Gov. Bill Walker speaks in Haines. (Emily Files)

Gov. Bill Walker speaks in Haines. (Emily Files)

Alaska Gov. Bill Walker visited Haines and Skagway Friday in what he says was a crucial step toward making a decision on the controversial Juneau Access Road.

Residents who spoke to Walker in both communities were overwhelmingly opposed to building a road and in favor of focusing on the current link between Juneau, Haines and Skagway: the Alaska Marine Highway System.

Gov. Walker began packed meetings in each town with remarks about the state fiscal situation. He painted a sympathetic picture of himself as a leader caught in a tough, unexpected situation not of his own making.

“I think right now I’ve got all the blame pretty much squared up on my back,” Walker said to audience laughter. “And I’m OK with that, that was my deal.”

Walker referenced former Gov. Jay Hammond warning decades ago that there would be a ‘day of reckoning’ if Alaska continued to rely so heavily on oil revenue.

“Well, we are having a day of reckoning. I knew he was right about that, but I didn’t know I would be governor on that day of reckoning.”

Walker spoke in favor of levying a state income or sales tax to ease the gaping deficit in the state’s budget.

“We cannot fix Alaska on cuts alone. We cannot cut our way into a successful future. We have to bring in more revenue.”

Some audience members spoke up about the budget. In Skagway, several people said they supported a state income tax. But the main topic locals weighed in on was the Juneau Access Project.

“That Juneau Access Road is something we cannot afford to do,” said Skagway resident Deb Potter.

“It’s time to bury the idea of a road from Juneau to nowhere,” said Barb Broderson of Skagway.

“It may be not a Juneau Access but a Juneau barrier,” said Haines resident Don Poling.

“Please Gov. Walker, don’t build that road,” said Burl Sheldon of Haines.

The Alaska Department of Transportation’s goal for the Juneau Access Project is to improve transportation between Juneau and northern part of the state.

There are a number of options or ‘alternatives’ in DOT’s analysis of the project. DOT and the Federal Highway Administration prefer what’s known as Alternative 2B. It would extend the capital city’s highway about 50 miles north up the east side of Lynn Canal to the Katzehin River. The road would end at a new ferry terminal. From there, a ferry would take cars and people up to Haines or Skagway. Those towns are on the highway system, so drivers from Juneau could access Anchorage and other areas and vice-versa. The estimated construction cost for that option is $574 million.

As Walker says it, he ‘put the project on ice’ when he first came into office. He put it on hold, but didn’t shut it down.

“There are about eight different options in front of me now,” Walker said. “Option 1, 1B, 1C, 2A, 2B, it just goes on and on. So it’s a little more challenging. So I’ve taken more time, and I don’t apologize for that, because I think the best time to make a decision is when you’ve received all the input.”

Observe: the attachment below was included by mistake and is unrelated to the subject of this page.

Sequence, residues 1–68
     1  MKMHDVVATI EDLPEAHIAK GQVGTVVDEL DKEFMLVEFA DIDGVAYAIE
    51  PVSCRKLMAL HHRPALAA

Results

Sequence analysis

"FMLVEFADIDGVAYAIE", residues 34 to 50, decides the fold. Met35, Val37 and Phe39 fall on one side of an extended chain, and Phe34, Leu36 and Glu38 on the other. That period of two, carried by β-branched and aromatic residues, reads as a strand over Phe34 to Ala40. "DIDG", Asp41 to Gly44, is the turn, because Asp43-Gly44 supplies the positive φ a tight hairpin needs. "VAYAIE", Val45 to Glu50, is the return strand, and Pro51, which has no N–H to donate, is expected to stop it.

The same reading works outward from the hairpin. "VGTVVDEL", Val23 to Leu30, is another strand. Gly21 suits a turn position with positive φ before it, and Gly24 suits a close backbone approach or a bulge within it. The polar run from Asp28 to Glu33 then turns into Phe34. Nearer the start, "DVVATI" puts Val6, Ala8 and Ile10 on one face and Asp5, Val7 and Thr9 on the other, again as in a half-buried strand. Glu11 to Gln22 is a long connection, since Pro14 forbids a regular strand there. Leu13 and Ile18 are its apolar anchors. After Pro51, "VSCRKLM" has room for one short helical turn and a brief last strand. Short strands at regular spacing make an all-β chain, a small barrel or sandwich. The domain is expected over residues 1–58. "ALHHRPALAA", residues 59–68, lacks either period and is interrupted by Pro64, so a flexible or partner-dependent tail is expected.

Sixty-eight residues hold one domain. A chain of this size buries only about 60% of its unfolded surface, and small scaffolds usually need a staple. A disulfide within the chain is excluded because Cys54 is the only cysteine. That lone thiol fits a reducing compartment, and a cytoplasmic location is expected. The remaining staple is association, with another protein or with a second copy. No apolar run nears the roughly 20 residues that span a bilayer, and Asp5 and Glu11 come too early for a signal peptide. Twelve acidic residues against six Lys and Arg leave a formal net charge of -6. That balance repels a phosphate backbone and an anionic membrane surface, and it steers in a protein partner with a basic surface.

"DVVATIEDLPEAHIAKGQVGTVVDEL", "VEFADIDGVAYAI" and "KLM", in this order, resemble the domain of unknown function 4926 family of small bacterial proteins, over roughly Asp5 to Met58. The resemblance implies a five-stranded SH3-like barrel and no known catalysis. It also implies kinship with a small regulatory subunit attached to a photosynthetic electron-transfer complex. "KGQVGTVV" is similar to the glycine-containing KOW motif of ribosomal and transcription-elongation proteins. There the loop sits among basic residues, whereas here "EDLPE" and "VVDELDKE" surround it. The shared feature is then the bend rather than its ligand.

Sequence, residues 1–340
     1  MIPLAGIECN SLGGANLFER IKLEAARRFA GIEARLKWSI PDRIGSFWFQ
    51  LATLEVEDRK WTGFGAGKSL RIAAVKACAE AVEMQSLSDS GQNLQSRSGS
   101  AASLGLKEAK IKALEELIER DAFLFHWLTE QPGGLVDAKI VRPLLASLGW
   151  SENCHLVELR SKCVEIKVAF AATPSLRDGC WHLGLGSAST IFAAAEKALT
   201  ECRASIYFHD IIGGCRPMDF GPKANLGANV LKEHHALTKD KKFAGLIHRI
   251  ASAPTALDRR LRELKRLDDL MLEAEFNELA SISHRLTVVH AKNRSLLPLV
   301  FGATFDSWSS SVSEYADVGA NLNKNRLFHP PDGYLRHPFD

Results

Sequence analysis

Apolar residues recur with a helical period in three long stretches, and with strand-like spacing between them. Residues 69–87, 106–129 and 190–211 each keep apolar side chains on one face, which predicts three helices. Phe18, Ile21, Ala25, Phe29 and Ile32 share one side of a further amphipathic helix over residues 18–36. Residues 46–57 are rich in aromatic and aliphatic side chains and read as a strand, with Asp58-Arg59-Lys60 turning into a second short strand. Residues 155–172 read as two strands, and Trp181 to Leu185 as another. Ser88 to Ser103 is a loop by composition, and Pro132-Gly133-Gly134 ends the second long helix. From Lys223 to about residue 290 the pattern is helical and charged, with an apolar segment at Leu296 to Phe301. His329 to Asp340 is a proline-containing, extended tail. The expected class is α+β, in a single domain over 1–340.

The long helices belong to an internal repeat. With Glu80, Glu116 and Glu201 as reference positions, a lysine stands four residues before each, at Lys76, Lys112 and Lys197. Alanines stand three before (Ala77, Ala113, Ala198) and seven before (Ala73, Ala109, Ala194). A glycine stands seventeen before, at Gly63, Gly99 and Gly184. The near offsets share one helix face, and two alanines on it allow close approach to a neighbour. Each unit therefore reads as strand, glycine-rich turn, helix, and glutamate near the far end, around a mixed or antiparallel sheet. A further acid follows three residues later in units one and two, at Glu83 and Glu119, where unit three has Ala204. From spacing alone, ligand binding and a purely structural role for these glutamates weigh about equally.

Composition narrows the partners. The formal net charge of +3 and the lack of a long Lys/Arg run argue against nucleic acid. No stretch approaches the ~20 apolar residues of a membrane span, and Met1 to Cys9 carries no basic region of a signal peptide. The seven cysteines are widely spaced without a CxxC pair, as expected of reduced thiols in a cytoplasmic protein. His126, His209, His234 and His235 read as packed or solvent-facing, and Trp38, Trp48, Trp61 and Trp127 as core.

At each meeting, members of the local chamber of commerce and borough assembly wore ‘Ferry Reform First’ pins. The buttons summed up many people’s main argument against the road: there is already a system that works. And that is the Alaska Marine Highway.

Haines Assembly member Margaret Friedenauer told Walker that time after time, the local government has voiced support for a sustainable ferry system over a road.

“If you have to go forward in your administration and make a decision about Juneau Access, the borough has historically encouraged the state to consider the marine alternatives,” Friedenauer said. “And I think that’s what a lot of people are saying today, is that you can consider the marine alternatives, which this community and Skagway rely very heavily on.”

Other arguments against the road include how expensive it is, the many avalanche zones on the route, and the environmental impact.

Arguments for the road include the fact that it is about 90 percent federally-funded, it will provide state jobs, and of course, it’ll cut down on travel time between Juneau and the northern part of the state.

There were a couple people in Haines who spoke for the road. John Norton said it would reduce fossil fuel emissions by shortening ferry routes.

“The Juneau Access Project really did meet an important criteria of an environmentally positive footprint for the planet,” Norton said.

It was Gov. Walker’s second visit to Haines during his term and his first to Skagway. He told KHNS he feels ‘close’ to gathering all the information he needs to make a final call on the mega-project. He declined to say if he’s leaning in a certain direction.

But Walker pledged to make the decision in his term, instead of kicking the can down the road to the next administration. He said he knows whatever choice he makes, there will be people who don’t like it. But Walker said the worst decision is no decision at all.